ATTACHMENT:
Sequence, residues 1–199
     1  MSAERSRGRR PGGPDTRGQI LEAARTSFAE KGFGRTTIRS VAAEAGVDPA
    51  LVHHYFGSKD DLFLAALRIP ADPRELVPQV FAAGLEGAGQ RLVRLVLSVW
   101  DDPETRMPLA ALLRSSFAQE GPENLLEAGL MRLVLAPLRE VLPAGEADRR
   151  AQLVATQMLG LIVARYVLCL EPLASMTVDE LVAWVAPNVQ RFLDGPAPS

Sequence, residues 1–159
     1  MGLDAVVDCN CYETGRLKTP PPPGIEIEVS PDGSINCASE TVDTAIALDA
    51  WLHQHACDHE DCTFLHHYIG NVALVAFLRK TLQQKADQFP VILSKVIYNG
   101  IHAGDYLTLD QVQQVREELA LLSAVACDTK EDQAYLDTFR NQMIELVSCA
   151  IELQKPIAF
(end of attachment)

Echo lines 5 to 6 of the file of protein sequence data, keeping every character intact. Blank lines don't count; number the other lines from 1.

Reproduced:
   151  AQLVATQMLG LIVARYVLCL EPLASMTVDE LVAWVAPNVQ RFLDGPAPS

Sequence, residues 1–159